Imprisoned unfairly in the land of the free
© St. Petersburg Times
These are not good days for asking people to look at the bigger picture. Since Sept. 11, we have been shaped by the narrow lenses of our fears. We see enemies everywhere.
So, to suggest that Mazen Al-Najjar is being mistreated is to invite hollers and jeers.
Al-Najjar, once a teacher at the University of South Florida, has been tried and convicted in that court where verdicts are irreversible -- the court of public opinion.
In the popular mind, Al-Najjar is a terrorist. He's a terrorist and there's nothing more to discuss, thank you, unless it's planning the celebration for the day, later this week, when he leaves the country.
His lawyers disclosed on Sunday that a Middle Eastern country -- which one, they would not say -- has agreed to take Al-Najjar. His wife and children, U.S. citizens all, will follow him later.
When Al-Najjar leaves, under a federal deportation order, the questions will be the same as they were at the start, when in 1997 he was jailed on evidence that supposedly linked him to the Palestinian Islamic Jihad.
If he had committed a crime, why wasn't he indicted?
If the government wouldn't make the evidence public, or couldn't indict him, why was his freedom denied?
And why was he being treated differently from his brother-in-law, USF professor Sami Al-Arian, whom the government was just as interested in -- so interested that they are once again investigating him?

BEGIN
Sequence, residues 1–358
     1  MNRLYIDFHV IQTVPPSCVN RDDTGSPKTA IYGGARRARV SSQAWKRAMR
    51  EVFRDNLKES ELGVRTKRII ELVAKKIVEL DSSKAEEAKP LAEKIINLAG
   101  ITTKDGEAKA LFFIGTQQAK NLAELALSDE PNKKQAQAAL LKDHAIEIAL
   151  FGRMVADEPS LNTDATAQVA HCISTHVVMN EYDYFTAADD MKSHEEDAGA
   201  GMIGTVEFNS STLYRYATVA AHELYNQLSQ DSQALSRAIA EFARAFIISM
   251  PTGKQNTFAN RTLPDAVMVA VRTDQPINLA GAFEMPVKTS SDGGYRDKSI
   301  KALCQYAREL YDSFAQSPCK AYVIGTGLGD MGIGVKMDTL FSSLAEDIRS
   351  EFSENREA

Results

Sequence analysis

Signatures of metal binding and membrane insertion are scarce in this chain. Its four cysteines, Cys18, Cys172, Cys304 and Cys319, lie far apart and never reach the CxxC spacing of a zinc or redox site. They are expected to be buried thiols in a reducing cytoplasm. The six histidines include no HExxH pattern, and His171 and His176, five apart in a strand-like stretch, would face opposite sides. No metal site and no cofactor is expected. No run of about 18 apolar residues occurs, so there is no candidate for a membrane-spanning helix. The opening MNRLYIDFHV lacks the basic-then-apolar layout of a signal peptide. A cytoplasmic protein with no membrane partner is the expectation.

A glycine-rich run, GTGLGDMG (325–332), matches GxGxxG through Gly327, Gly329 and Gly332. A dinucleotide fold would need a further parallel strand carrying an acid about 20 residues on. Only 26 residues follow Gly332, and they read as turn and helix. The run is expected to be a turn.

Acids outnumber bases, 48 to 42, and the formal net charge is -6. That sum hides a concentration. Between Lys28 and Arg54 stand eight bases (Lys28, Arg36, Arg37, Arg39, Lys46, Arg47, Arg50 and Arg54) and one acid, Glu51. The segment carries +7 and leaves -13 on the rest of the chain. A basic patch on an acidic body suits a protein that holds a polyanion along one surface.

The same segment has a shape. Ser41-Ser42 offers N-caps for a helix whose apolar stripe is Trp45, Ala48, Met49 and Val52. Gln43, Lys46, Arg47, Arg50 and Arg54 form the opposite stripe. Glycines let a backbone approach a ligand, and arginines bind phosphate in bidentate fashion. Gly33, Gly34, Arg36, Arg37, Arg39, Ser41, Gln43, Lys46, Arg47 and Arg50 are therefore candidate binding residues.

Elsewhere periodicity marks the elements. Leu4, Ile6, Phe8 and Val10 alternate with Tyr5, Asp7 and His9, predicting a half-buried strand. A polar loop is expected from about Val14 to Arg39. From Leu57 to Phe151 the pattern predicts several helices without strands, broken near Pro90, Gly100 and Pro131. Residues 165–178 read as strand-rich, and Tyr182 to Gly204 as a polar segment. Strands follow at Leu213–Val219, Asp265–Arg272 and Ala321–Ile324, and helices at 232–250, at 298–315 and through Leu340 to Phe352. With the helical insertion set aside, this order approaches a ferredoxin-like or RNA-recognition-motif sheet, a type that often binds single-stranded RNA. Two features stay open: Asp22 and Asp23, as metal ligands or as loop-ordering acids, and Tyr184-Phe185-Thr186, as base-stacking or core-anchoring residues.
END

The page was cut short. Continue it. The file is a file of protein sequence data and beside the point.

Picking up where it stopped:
(Later this week, Al-Arian is also likely to be fired from his teaching job, a move that has enraged academic groups.)
The government had Al-Najjar on a technicality, a long ago expired visa.
They put him in jail after several years of fruitless federal investigation of a couple of groups at USF led by Al-Najjar and Al-Arian.
Al-Najjar has been in jail for more than 41/2 years. Since November, he has been held in solitary confinement -- as if he were some confidante of Osama bin Laden.
I might very well write differently about Al-Najjar if the evidence was available. But even a mountain of incriminating material against him wouldn't affect how Al-Najjar should be treated.
All we have is unidentified sources who claim he was a link between terrorists and the Islamic Jihad organization -- and a lot of confusion.
The same judge, who once released Al-Najjar on the grounds the government had failed to share the evidence so he could defend himself, decided last February that the government had the right to pick him up again and hold him.
There was no new evidence against him, however. Even the prosecutors said so.
Al-Najjar has been held this round for 10 months, a length of time that may be unconstitutional. The U.S. Supreme Court ruled last year that people in his shoes, stateless and without a country to take them, should be held no more than six months.
This is not a small point. The government is flouting the rules. The rules are supposed to apply equally to those we scorn, like Al-Najjar, as they do to the rest of us.
Someday this history will shame us.
We will be ashamed that we treated Al-Najjar with contempt and in violation of the simplest rules of crime and punishment, guilt and innocence.
We didn't have enough evidence to indict him, let alone convict him through that form of fair play known as due process. The best we could do is kick him out of the country.
-- You can reach Mary Jo Melone at firstname.lastname@example.org or (813) 226-3402.
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Mary Jo Melone
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